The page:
Saipan casino workers protest for payment as FBI cites illegal labour

HONG KONG, April 14 (Reuters) - More than 50 construction

workers hired for a casino resort on the Pacific island of

Saipan staged a street protest on Friday demanding to be paid,

after their employer was charged with illegally importing

Chinese workers on tourist visas.

The Chinese workers, who entered Saipan on tourist visas and

are not allowed to work, demanded that casino contractor MCC

International Saipan, a unit of state-owned Metallurgical

Corporation of China Ltd, pay them wages, said eye witnesses.

"MCC return my hard earned money," read a protest banner,

according to a Facebook live update. The Facebook videos could

not be verified independently by Reuters.

MCC did not respond to a request for comment.

"No passports. No work. No money," said local legislator Ed

Propst, who observed the protests.

Hong Kong-listed Imperial Pacific operates the

Best Sunshine Live casino in Saipan. MCC is one of the

contractors engaged to complete construction of the casino

resort.

"Imperial Pacific International is strongly reiterating that

it does not condone the hiring and or employment of individuals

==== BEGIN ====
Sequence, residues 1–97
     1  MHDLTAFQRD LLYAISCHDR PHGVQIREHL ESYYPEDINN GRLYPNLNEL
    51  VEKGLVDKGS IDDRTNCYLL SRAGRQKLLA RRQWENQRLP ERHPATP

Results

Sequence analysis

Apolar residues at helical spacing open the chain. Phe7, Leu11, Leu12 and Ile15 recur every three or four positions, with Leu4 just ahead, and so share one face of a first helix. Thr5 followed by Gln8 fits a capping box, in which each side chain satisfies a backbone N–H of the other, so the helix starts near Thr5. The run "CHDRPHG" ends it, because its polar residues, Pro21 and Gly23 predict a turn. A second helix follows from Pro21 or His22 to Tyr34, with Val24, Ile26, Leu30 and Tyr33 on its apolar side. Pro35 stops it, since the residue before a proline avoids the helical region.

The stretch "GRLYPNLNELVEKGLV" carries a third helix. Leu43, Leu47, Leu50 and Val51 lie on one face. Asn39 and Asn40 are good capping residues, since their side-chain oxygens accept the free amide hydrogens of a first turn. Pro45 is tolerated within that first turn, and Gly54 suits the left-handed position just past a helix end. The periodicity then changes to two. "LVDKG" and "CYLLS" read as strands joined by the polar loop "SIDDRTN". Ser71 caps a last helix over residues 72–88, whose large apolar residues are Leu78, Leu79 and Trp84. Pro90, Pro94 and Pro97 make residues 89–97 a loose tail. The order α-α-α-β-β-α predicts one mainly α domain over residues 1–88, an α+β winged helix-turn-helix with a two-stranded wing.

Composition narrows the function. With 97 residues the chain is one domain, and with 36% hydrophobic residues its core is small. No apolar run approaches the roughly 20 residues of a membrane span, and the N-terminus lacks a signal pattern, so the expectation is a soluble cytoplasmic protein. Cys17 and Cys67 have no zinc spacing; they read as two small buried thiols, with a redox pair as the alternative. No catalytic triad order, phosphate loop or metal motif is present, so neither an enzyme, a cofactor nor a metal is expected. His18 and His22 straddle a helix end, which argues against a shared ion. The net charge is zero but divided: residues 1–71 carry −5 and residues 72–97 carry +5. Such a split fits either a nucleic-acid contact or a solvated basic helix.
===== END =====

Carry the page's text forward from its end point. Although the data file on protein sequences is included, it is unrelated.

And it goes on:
by illegal means," the company said in an email to Reuters.

"Imperial Pacific International is emphatic in its request

to all of its contractors and subcontractors to follow all local

and federal labor and immigration laws and regulations in the

conduct of its business, including and in particular, the hiring

of construction workers."

MCC, together with Beilida Overseas (CNMI) Ltd, were charged

by the U.S. Federal Bureau of Investigation (FBI) on April 3

with illegally importing and employing Chinese workers,

including one who died in March, court documents showed.

Saipan is part of the Northern Mariana Islands and has been

controlled by the United States since the end of World War Two.

Its cash-strapped government approved a casino in 2014,

after which Chinese investment has skyrocketed and Chinese signs

and business have mushroomed across the island.

Since Imperial Pacific opened a temporary casino on the

island under two years ago, its revenues have wildly

outperformed the top casinos in Macau in spite of China’s battle

to stop capital flight.

Scrutiny of the new Saipan casino project has intensified

after the death of a construction worker in March and an FBI

raid in April that found a list of more than 150 undocumented

workers in a contractor's offices, as well as a safe containing

several thousand dollars in U.S. currency, several hundred

Chinese yuan and employee pay stubs.

Imperial told Reuters in April that it had paid construction

contractors "requisite fees for processing needed applications

for workers to work on the construction problems".

The company said it opened its new casino on March 31 but

the attached resort remains unfinished with equipment strewn

across the workplace. There has been a slew of more than 100

work-site injuries from fractures to crushings in the past year,

volunteers helping the injured told Reuters.

(Reporting by Farah Master, Additional reporting Shanghai

newsroom; Editing by Michael Perry)